One of the KVFC’s major initiatives in 2023 was to better manage fire service operations through the use of specialized software for pre-planning, incident documentation, asset management and outreach to our residents.  The recent introduction of Community Connect allows residents provide critical information to the KVFC that may provide beneficial during an emergency response.  Residents are encouraged to enroll in the Department’s Community Connect program at https://www.communityconnect.io/info/ct-killingworth.  The digitization of asset management allows the Department to track equipment condition and budget for replacement and as part of the asset management program in 2023, the KVFC made some significant equipment upgrades including new cold-water rescue gear, updated thermal imaging cameras, purchase of 30 new automatic defibrillators (AEDs) to be carried by members, improved gas detection meters, and addition of three new “Lucas” devices which are used to provide automated chest compressions during cardiac emergencies.

In early 2023, through a generous donation to the Company, the KVFC acquired a Utility Terrain Vehicle, (UTV) with two interchangeable slide-in units: one for combating brush fires and the other for off-road, remote medical emergencies.  Shortly after going into service, the UTV demonstrated its value when it was used to quickly extricate an injured hiker from the woods at Parmelee Farm, a task that would otherwise have required KVFC members to manually carry the individual out.  As the Company acquires additional vehicular assets to enable us to provide service to our residents, we continue to be challenged by significant space constraints at our main station. With the recent arrival of our newest apparatus, Rescue 89, space within the existing station has been pushed to the limit.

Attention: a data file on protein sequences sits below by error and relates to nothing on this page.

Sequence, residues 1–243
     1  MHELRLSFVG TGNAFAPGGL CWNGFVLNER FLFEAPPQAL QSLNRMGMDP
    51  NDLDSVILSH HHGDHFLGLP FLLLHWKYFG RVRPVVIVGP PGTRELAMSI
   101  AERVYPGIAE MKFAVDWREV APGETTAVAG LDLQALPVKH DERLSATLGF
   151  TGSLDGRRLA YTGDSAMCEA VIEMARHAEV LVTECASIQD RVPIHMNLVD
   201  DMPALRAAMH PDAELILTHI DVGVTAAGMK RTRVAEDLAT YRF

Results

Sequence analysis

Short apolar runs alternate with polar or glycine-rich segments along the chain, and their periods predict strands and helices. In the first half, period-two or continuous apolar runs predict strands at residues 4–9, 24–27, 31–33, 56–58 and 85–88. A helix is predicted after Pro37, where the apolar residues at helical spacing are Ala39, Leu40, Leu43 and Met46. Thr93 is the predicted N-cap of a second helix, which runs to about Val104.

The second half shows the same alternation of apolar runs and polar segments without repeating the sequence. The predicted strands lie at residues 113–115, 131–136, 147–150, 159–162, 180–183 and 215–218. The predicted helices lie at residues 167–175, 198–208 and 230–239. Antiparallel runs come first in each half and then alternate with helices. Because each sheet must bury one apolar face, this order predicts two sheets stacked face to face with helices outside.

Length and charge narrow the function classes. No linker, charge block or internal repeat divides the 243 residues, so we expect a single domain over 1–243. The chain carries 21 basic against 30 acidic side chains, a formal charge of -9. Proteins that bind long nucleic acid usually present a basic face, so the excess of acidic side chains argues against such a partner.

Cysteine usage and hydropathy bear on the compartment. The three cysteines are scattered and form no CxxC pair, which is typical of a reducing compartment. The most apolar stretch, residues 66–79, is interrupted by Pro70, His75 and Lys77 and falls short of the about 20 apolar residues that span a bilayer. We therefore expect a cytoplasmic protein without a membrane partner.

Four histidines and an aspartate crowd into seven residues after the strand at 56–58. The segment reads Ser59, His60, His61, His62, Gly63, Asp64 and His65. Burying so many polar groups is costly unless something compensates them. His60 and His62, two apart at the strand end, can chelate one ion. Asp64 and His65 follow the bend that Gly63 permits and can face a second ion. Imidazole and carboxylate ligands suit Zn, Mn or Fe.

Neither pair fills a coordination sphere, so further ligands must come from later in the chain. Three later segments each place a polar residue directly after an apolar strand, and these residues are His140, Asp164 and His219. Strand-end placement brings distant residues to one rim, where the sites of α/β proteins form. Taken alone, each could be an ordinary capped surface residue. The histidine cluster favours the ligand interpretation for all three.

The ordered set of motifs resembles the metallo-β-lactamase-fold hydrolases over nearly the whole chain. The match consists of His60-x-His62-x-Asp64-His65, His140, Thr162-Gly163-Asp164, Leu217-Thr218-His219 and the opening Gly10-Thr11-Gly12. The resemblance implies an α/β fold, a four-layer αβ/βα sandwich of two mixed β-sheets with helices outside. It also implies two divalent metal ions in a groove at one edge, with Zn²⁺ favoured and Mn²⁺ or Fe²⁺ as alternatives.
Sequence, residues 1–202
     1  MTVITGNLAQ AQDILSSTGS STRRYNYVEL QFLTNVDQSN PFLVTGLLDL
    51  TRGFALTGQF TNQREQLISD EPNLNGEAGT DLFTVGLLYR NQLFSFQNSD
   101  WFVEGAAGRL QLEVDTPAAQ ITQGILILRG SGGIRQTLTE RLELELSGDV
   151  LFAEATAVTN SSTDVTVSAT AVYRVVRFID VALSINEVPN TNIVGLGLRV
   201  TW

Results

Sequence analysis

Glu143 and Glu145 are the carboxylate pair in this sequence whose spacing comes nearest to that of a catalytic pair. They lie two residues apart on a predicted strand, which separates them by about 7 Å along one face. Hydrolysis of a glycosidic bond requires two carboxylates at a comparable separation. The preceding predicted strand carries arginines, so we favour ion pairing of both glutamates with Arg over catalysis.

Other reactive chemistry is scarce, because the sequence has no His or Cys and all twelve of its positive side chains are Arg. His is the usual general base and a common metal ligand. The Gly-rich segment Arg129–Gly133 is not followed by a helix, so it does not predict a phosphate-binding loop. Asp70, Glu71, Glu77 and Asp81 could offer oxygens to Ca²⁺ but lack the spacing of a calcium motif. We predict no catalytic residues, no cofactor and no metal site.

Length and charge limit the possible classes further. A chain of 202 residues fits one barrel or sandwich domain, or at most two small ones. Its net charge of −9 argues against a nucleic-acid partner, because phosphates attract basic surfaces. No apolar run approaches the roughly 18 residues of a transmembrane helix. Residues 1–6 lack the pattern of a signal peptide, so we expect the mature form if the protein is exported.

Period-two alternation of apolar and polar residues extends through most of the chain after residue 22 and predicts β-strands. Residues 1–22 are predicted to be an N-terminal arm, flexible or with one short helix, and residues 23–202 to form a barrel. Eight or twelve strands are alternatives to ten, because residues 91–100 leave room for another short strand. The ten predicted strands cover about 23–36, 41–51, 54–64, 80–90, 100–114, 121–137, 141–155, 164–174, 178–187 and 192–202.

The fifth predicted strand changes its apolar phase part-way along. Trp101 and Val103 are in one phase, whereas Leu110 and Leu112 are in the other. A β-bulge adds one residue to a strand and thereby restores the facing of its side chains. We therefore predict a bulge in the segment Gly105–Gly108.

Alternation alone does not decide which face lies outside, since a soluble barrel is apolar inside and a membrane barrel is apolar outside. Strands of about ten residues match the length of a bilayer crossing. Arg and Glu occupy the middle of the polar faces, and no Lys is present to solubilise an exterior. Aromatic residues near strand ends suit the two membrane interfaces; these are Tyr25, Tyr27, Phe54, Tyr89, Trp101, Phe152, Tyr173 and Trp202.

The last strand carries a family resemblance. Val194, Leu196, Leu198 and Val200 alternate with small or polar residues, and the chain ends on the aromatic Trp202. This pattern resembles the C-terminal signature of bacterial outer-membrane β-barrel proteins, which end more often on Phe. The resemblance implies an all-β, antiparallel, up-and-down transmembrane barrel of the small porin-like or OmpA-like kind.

“In 2024 we will continue to seek ways to enhance the service that we provide to our town, will intensify our focus on recruiting new members and stay committed to training and education of our firefighters and medical personnel,” said Chief Rick Darin. “Additionally, through outreach with fire prevention and public education programs, we aim to increase public awareness of the importance of fire safety and preparedness at home.”

Although most think of engagement with the Department as being a first responder, Chief Darin asks, “If you can help, there are openings for both first responders as well as those interested in non-traditional roles as administrative and accounting support and serving as fire-police (on-scene traffic control).”    Any residents interested in serving are strongly encouraged to contact the department by email at FireChief@TownofKillingworth.com.

Fire Safety PRIORITY Reminders:  The KVFC continues to be called to homes without their address numbers clearly displayed and asks residents to please clearly display your house numbers on your house and/or at the end of your driveway so that first responders can quickly and easily identify your property in the event of an emergency.  In addition, and especially during the winter, remember the importance of fire safety at home, including having working Carbon Monoxide and Smoke Detectors, sleeping with bedroom doors closed to limit the spread of smoke and fire and ensure windows are functional should escape be necessary in the event of a fire.

As we turn the page to 2024, we would like to take this opportunity to thank the Board of Fire Commissioners, elected officials and all residents of the Town of Killingworth for their unwavering support of the KVFC. Our ability to provide our members with the equipment and resources needed to provide these emergency services would not be possible without your continued support.

Photos courtesy of KVFC

Must Read